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Posted on March 19, 2013 by Isabella Cecconi

I usually love to discover and talk about brand new widely opened third eyes (i.e. unknown photographers), but sometimes I can’t do anything in front of the neatness of renowned photographers. This is the case of Graeme Mitchell. Born in Manitoba, Canada, in 1980, he grew up in various small towns in the Pacific NW where he studied Literature. He later moved to NYC where he is now based and is currently concentrated on portrait and fashion works. In his hands, photography has immense possibilities, his shots are neat and precise, his fashion portraits are stunning and devoted to display the plainess of the subject. Models, actors, dancers, Graeme Mitchel has a talent for rendering his subjects vivid in clarity and definition. The composition, the color scheme, the most minute expression of a model’s face works towards the overall theme of the photograph. There is no detail in these photographs that is out of place or by chance so that to become an effusing praise for the photographic art.

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Posted on March 15, 2013 by admin

From the series No Love, Ryan – Knitting, Providence 2002.

Courtesy of the artist



Posted on March 1, 2013 by admin

Among all the images we surf daily here at The Harlow, those of Slava Mogutin have a special place in our heart. This  fascinating artist, born in Russia but New York-based is both photographer, video maker , sculptor and painter. To us, his photography is just sublime. His insolent shots appear hot, shocking, prodigious, contagious, pervert, against rules. Since 2004 he is co-founder of SUPERM, a multimedia art team. The Harlow is proud to host for four weeks the images of this incredible man and invites all our readers to discover his art.

Top image, Limber (Marko), New York City, 2010 from the serie Suddenly Last Summer



Posted on February 22, 2013 by admin

From the series ‘But a fleeting touch’, courtesy of Jessica Tremp.



Posted on January 31, 2013 by admin

The Harlow is delighted to host and present talented Jessica Tremp. Jessica is a photographic artist from Melbourne, Australia and this is a shot from her ‘Mousse’ series.



Posted on January 30, 2013 by admin

From tomorrow, Jan the 31th until April the 21st 2013, Fondazione Sandretto Re Rebaudengo of Turin will host and present the exhibition Gerhard Richter – Editions 1965–2012. Richter is a worldwide successful German artist best known for his paintings, featured in museum collections all over the world. Editions are original works of art, not produced as unique pieces but in a certain number of impressions: prints, photographic editions, editions of paintings, artist’s books, artist’s posters and multiples. Richter is nowadays one of the most important living artists. Since the 1960s, he has immersed himself in a rich and varied exploration of painting, continually challenging the medium, encompassing a diverse range of techniques and ideas: his magnificent realist paintings based on photographs, colourful abstractions, portraits, landscapes. Richter has also been working with other media and materials, over-painting his own photographs or photographing details of his own paintings. Gerhard Richter has ever since been one of the first German artists to reflect on the history of National Socialism, creating paintings with victims of the Nazi party and has simultaneously produced abstract and photorealistic painted works, as well as photographs and glass pieces. Following the examples of Picasso, he’s been undermining the concept of the artist’s obligation to maintain a single style. Richter is regarded as the top-selling living artist in fact, in Oct 2012, his Abstraktes Bild set an auction record price for a painting by a living artist at $34milion. His photos projected in canvas replicate the look of the original picture, offering the image a paradoxical photographic appearance; landscapes and portraits, are thus rendered fragile illusions, fleeting conceptions, a photographic imagery as a starting point for his early paintings. Richter’s work is breathtaking. The viewer is projecter in a place where there’s no space, nor time, nor real subject and this sweet timeless illusion through which we can admire Richter’s art is a warm and safe cuddle.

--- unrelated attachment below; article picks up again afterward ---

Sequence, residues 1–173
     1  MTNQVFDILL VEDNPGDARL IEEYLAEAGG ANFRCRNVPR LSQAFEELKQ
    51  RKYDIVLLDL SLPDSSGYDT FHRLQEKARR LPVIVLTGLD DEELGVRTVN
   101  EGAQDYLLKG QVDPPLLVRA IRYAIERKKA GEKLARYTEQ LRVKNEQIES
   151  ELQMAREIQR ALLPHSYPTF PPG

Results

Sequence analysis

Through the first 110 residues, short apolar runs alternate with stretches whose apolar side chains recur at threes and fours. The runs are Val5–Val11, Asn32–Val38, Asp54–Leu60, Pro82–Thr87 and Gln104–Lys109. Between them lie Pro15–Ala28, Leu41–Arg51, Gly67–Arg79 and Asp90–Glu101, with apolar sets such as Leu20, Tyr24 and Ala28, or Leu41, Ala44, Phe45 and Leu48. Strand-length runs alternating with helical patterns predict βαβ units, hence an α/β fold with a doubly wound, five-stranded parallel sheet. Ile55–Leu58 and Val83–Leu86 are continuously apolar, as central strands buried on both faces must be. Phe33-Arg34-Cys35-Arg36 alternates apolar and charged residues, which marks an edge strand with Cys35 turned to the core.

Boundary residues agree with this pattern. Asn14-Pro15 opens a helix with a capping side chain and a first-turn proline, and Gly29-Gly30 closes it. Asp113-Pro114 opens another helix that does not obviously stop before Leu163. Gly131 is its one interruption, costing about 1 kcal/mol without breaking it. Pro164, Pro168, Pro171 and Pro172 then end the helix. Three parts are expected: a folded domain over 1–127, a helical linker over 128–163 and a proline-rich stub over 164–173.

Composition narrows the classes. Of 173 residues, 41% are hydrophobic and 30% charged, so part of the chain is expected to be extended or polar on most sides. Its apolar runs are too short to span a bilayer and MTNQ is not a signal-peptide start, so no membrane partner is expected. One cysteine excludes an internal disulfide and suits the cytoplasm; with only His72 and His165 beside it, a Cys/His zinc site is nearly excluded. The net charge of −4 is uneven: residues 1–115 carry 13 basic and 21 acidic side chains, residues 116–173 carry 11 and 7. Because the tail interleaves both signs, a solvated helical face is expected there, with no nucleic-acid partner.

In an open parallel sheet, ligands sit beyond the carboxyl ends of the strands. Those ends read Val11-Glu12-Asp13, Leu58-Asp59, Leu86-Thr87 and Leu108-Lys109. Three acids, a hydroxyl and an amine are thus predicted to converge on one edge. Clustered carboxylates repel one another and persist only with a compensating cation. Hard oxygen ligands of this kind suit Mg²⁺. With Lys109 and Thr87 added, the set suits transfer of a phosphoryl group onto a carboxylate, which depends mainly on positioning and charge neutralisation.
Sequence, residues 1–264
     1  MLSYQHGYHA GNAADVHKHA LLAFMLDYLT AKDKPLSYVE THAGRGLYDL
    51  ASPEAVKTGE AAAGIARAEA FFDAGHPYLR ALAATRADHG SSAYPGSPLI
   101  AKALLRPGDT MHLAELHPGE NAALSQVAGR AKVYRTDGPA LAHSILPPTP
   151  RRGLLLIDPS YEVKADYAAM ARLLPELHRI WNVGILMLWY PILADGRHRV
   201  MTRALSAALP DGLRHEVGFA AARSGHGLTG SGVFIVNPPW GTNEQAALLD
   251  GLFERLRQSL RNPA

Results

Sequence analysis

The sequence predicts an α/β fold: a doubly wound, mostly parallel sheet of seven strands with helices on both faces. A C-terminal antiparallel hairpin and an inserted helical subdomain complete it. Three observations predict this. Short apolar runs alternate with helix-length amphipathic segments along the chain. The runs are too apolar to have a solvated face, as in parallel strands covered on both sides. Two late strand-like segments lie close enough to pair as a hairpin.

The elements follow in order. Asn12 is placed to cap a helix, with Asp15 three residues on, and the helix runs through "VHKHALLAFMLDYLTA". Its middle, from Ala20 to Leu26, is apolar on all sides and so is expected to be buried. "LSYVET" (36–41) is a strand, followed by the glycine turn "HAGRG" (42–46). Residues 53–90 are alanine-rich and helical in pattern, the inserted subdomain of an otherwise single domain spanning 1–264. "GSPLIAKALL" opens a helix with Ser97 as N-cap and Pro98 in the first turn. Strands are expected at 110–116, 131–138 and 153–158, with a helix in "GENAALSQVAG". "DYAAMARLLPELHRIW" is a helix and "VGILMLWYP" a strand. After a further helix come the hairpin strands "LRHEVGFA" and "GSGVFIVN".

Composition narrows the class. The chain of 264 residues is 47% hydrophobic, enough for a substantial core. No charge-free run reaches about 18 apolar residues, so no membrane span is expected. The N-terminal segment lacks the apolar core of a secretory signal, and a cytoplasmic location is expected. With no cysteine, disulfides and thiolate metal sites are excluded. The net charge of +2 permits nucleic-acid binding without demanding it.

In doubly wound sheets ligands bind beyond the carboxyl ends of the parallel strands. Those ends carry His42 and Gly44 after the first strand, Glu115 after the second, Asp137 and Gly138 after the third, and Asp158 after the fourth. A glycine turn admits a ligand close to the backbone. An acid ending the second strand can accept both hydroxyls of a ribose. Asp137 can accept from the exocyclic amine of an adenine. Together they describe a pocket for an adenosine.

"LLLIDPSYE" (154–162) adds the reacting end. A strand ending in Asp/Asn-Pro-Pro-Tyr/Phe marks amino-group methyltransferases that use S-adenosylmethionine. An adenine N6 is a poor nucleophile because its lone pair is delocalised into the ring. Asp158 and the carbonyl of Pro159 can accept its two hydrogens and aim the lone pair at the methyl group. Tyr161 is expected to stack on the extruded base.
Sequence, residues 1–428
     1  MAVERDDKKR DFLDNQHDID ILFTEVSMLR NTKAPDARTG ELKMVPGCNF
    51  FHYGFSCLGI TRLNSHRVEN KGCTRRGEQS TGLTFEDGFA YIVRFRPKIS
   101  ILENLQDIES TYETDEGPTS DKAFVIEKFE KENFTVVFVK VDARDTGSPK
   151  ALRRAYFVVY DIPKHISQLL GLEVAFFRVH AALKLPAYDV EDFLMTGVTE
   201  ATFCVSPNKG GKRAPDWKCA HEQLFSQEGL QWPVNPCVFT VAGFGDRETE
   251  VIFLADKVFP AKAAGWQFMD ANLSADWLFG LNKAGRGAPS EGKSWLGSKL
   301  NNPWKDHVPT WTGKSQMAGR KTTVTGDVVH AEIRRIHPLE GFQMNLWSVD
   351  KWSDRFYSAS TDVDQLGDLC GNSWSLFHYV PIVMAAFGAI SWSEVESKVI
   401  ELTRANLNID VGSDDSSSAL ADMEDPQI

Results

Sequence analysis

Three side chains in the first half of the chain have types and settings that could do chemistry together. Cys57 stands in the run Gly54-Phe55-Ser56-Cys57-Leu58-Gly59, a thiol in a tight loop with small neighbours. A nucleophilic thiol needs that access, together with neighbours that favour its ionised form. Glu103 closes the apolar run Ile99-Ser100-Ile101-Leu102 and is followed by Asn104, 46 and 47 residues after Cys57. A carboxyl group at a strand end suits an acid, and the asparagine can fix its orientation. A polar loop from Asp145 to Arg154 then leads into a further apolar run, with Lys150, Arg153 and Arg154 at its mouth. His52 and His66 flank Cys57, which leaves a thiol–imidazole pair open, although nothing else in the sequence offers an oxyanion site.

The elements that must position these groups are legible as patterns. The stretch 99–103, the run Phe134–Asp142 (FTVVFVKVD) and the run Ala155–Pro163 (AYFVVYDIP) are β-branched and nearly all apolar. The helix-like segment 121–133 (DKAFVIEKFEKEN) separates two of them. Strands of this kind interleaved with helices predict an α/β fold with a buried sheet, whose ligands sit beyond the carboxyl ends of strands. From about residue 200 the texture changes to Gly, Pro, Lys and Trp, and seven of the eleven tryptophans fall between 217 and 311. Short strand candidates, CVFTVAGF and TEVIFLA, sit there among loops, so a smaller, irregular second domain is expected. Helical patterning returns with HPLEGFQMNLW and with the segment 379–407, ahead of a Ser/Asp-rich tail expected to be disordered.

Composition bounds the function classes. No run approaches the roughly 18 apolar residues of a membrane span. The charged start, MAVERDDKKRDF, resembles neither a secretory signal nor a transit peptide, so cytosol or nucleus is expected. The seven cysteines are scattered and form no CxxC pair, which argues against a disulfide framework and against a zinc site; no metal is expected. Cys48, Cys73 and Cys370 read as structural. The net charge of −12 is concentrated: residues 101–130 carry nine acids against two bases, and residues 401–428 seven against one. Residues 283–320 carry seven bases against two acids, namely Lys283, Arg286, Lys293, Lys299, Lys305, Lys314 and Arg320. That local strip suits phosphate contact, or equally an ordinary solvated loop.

Gerard Richter -Edizioni

Turin, Fondazione Sandretto Re Rebaudengo

31 January – 21 April 2013

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Posted on January 28, 2013 by Isabella Cecconi

“Without even intending it, there is that little shiver of a moment in time preserved in the crystal cabinet of the mind. A little shiver of eternal space. That’s what I was looking for.” – Allen Ginsberg

The beat movement, the cultural and literary movement that woke up a nation’s consciousness. Never too big but gigantic in influence and cultural status. The years after the Second World War, the loss of conventional structures of society, the post war economic boom, the rampant materialism. The Beat Generation was the result of questioning on capitalism on dissatisfaction with the consumer culture, the taboos against sexuality. The Beats stood in opposition to the clean formalism of the early twentieth century modernists. Their literature was bold, straightforward, provocative. The “founders” of the Beat Generation were Jack Kerouac and Allen Ginsberg, but also  Lucien Carr, Lawrence Ferlinghetti and Neal Cassidy. Gregory Corso and  great William S. Burroughs. In 1956, the publication of Allen Ginsberg’s Howl was a turning point in the history of Beat literature, not to mention American literature in general. The long-form poem to be read aloud, almost chanted, a sort of return to an oral tradition neglected in literature for a long time. In the beat movement there were drug-addicts, drifters, prostitutes, and swindlers. Continue Reading →


Posted on January 15, 2013 by Isabella Cecconi